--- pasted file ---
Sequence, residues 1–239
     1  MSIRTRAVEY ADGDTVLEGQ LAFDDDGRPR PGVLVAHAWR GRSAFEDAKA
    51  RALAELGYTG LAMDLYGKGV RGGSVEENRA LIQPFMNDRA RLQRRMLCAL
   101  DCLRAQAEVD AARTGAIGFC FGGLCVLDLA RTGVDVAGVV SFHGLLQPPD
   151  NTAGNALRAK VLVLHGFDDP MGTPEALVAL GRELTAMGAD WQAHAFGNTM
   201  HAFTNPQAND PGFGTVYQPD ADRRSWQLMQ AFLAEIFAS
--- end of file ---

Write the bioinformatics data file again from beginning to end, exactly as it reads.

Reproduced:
Sequence, residues 1–239
     1  MSIRTRAVEY ADGDTVLEGQ LAFDDDGRPR PGVLVAHAWR GRSAFEDAKA
    51  RALAELGYTG LAMDLYGKGV RGGSVEENRA LIQPFMNDRA RLQRRMLCAL
   101  DCLRAQAEVD AARTGAIGFC FGGLCVLDLA RTGVDVAGVV SFHGLLQPPD
   151  NTAGNALRAK VLVLHGFDDP MGTPEALVAL GRELTAMGAD WQAHAFGNTM
   201  HAFTNPQAND PGFGTVYQPD ADRRSWQLMQ AFLAEIFAS